Why social media is making you compare and despair
The beloved 26thpresident of the United States, Theodore “Teddy” Roosevelt, prophetically pronounced: “Comparison is the thief of joy.” He uttered these words more than a hundred years ago, and yet this sentiment applies more than ever to life in the 21stcentury. This age-old problem has been our torment since we could walk upright. However, the advent of globalisation and connectivity through social media platforms, as well as the absence or obsolescence of god in our lives, has intensified the obsession with “me”. The cost of constant comparing is despair as we lose sight of ourselves.
Good, better, best
From the moment you’re born, you’re in the race of your life. While parents think their baby is the most beautiful and clearly the brightest cherub ever, inadvertently they are setting their child up for a life based on comparison. Just as their own parents did with them. It’s in their genes and rightly or wrongly we have an innate drive to view or assess ourselves through the perceived lens of others.
In 1954, American social psychologist Leon Festinger developed the Social Comparison Theory. Essentially, this is an internal ratings system where we continually benchmark ourselves against others. We evaluate our own social and personal worth based on how we compare with peers and those we admire. We use our own criteria for the traits we’re assessing but this determination is usually based on socially acceptable norms. For instance, rating your own level of attractiveness is based on what the contemporary view is on beauty and we have a range of yardsticks from friends, trending Instagrammers to celebrities in order to make this evaluation.
When we upwardly compare, we can become overwhelmed and undermined by our own sense of inadequacy, resulting in never feeling good enough.
Drilling into the theory, Festinger devised two scales to measure where we sit on the totem pole: upward comparison is when we compare ourselves with those we deem as better than us and conversely downward comparison is of course when we come out as the victors. Both processes can be helpful and even inspiring (to improve ourselves) but if, for instance, we have low self-esteem, our assessment criteria can be skewed and we can underestimate our own value. In this headspace, when we upwardly compare, we can become overwhelmed and undermined by our own sense of inadequacy, resulting in us never feeling good enough. Conversely, when we have an inflated sense of self and a lack of self-awareness, we may over-estimate our currency in a particular area and then fall short when put to the test. Comparing ourselves is fraught with all sorts of issues, including faulty thinking about our own self-concept, so we have to find that balance where we re-affirm our values, beliefs and attitudes.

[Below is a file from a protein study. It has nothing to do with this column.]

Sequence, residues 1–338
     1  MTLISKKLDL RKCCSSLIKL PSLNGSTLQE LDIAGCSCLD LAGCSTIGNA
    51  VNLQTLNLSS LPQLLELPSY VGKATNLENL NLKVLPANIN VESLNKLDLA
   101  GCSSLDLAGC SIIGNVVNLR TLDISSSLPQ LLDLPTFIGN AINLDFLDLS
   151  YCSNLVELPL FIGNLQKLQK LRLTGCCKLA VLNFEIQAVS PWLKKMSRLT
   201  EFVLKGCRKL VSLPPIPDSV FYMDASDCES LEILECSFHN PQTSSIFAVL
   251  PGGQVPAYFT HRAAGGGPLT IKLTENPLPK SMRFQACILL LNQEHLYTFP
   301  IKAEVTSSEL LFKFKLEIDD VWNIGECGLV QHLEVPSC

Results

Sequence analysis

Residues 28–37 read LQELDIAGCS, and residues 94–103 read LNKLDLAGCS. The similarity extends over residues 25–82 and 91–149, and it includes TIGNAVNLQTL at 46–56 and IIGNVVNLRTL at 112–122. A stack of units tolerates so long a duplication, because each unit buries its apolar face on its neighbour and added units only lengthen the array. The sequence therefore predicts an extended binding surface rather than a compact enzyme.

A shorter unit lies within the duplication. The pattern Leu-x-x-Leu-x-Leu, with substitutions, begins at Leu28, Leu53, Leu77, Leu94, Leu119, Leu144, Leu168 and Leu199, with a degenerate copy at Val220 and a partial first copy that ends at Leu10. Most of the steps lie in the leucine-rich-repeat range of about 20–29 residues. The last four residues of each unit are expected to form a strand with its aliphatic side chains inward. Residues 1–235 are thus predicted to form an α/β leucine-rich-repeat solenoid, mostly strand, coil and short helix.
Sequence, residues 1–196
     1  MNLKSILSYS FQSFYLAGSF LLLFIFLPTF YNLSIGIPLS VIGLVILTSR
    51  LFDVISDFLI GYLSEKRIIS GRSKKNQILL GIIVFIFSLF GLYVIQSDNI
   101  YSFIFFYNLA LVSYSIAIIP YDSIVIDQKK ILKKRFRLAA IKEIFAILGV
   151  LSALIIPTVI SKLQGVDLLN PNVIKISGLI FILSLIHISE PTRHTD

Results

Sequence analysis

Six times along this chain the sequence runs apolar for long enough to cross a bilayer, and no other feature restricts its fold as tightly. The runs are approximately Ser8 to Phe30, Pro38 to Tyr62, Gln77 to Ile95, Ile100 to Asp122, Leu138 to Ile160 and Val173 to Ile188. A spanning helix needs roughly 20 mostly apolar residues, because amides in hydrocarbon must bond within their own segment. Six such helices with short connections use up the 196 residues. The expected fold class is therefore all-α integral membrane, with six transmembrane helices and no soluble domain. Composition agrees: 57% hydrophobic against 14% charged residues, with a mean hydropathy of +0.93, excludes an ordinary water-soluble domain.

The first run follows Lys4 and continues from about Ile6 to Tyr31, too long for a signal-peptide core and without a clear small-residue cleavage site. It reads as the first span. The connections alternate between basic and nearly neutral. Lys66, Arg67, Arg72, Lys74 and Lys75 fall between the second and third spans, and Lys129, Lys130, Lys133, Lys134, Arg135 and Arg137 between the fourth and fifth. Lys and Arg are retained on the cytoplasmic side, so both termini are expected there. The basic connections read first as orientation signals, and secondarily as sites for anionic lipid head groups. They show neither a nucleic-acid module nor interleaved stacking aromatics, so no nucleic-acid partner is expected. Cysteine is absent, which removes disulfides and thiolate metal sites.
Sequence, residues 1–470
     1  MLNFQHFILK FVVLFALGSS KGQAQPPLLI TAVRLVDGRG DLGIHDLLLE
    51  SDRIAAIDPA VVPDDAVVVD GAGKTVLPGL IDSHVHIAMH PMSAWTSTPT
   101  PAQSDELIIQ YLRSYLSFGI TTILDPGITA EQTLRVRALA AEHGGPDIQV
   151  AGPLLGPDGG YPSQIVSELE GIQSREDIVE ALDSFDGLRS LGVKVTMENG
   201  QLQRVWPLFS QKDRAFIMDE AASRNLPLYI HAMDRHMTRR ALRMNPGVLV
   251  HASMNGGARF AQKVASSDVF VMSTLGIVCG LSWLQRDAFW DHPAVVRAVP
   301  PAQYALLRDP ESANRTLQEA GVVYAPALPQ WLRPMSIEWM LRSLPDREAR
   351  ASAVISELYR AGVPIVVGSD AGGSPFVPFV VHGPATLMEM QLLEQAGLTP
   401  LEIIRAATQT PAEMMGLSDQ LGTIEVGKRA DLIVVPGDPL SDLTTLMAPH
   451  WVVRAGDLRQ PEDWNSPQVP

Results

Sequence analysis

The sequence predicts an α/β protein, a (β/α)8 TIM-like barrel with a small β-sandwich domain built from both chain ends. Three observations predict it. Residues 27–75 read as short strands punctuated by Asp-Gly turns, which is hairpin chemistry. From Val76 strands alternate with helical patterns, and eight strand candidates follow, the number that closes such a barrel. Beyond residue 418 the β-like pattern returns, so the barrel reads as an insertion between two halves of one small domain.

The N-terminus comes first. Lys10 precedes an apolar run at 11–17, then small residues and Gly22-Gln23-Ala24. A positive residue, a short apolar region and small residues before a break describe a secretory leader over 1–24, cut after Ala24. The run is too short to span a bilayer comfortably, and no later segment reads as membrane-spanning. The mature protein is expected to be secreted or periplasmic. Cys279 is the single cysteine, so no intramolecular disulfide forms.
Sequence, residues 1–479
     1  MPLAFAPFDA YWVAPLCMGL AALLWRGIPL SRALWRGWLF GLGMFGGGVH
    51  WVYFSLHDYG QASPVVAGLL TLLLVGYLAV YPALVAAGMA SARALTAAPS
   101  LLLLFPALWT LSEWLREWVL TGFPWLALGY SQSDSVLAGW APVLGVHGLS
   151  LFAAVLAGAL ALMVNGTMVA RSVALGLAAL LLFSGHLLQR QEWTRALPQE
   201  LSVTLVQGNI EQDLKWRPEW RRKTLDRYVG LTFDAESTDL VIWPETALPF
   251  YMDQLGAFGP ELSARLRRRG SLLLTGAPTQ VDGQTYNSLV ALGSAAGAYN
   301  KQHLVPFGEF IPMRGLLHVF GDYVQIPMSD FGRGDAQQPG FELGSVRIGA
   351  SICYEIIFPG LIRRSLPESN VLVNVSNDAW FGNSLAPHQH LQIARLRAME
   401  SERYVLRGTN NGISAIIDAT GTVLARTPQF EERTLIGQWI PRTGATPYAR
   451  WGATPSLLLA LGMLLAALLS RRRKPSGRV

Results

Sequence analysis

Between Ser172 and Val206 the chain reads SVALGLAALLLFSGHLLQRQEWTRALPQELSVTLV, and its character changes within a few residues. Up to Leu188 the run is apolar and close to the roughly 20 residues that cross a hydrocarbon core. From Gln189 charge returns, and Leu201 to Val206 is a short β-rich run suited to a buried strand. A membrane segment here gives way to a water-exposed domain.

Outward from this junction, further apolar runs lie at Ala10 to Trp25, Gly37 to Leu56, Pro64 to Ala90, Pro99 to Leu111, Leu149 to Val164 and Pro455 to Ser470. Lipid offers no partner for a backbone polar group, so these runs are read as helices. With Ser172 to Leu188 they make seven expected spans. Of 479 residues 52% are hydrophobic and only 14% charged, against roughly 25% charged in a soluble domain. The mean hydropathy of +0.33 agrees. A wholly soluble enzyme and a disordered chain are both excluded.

In effect, our personal currency becomes commoditised and this threatens self-acceptance and diminishes self-compassion. The famous 20thcentury existential philosopher and writer, Jean-Paul Sartre, said “hell is other people” and he meant that our lives are lived in the gaze and at times at the will of others. As a result we respond to that gaze, risking losing ourselves and all that we hold dear to us. How often have we forfeited living our true lives in order to “belong” or to fit in? Conforming in this way inevitably causes great distress and incongruences within us. But it can also be said that we operate under our own scrutiny, judging ourselves harshly. In this case, hell is not other people, but ourselves.
Comparison compromises your values
While comparing may be a primal drive, the way our society is set up doesn’t help things. We may, in theory, all be born equal and accept the proposition that in a democracy we all have a chance to make our own success. But in reality things are not as they purport to be. In his famous sociological opus, Democracy in America, French diplomat and political scientist Alexis De Tocqueville was quite enamoured with this new egalitarian society that was America in the early 19thcentury. Unlike the aristocratic European system, where class determined wealth and status and was rigidly fixed and perpetual, upward mobility was a real possibility in this new world based on hard work and enterprise. Now this was a liberating and exciting notion for those who had nous, ability, luck and good health, but it triggered a different kind of problem that persists today.
Knowing that you could better yourself, remaining poor or disenfranchised, made those new Americans feel worse than their French counterparts who stoically accepted their lot in life. This was the life they were born into and where they would remain until the end. A maid in a baron’s home knew her station and didn’t expect more. Yearning for a different life was not up for consideration. However, this was not the case in America and the first generation of “wannabes” was spawned. Envy, shame and self-reproach made up the myriad negative feelings experienced and today we know exactly what that feels like.